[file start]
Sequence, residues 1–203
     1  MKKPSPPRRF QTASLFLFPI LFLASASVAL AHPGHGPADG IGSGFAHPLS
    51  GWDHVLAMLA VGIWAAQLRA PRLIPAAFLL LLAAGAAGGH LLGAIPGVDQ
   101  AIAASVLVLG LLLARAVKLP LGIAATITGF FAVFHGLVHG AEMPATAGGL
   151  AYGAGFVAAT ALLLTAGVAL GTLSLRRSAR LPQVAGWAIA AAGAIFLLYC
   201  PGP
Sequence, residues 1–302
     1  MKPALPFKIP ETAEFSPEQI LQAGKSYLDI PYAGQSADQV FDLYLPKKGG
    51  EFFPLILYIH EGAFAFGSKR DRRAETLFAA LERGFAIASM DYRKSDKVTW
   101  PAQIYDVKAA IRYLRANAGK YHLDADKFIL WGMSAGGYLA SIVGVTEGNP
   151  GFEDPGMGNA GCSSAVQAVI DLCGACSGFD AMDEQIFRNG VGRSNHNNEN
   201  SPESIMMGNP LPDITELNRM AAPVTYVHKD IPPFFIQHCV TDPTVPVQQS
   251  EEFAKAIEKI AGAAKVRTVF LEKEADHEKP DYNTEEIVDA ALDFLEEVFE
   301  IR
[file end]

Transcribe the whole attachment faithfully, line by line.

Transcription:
Sequence, residues 1–203
     1  MKKPSPPRRF QTASLFLFPI LFLASASVAL AHPGHGPADG IGSGFAHPLS
    51  GWDHVLAMLA VGIWAAQLRA PRLIPAAFLL LLAAGAAGGH LLGAIPGVDQ
   101  AIAASVLVLG LLLARAVKLP LGIAATITGF FAVFHGLVHG AEMPATAGGL
   151  AYGAGFVAAT ALLLTAGVAL GTLSLRRSAR LPQVAGWAIA AAGAIFLLYC
   201  PGP
Sequence, residues 1–302
     1  MKPALPFKIP ETAEFSPEQI LQAGKSYLDI PYAGQSADQV FDLYLPKKGG
    51  EFFPLILYIH EGAFAFGSKR DRRAETLFAA LERGFAIASM DYRKSDKVTW
   101  PAQIYDVKAA IRYLRANAGK YHLDADKFIL WGMSAGGYLA SIVGVTEGNP
   151  GFEDPGMGNA GCSSAVQAVI DLCGACSGFD AMDEQIFRNG VGRSNHNNEN
   201  SPESIMMGNP LPDITELNRM AAPVTYVHKD IPPFFIQHCV TDPTVPVQQS
   251  EEFAKAIEKI AGAAKVRTVF LEKEADHEKP DYNTEEIVDA ALDFLEEVFE
   301  IR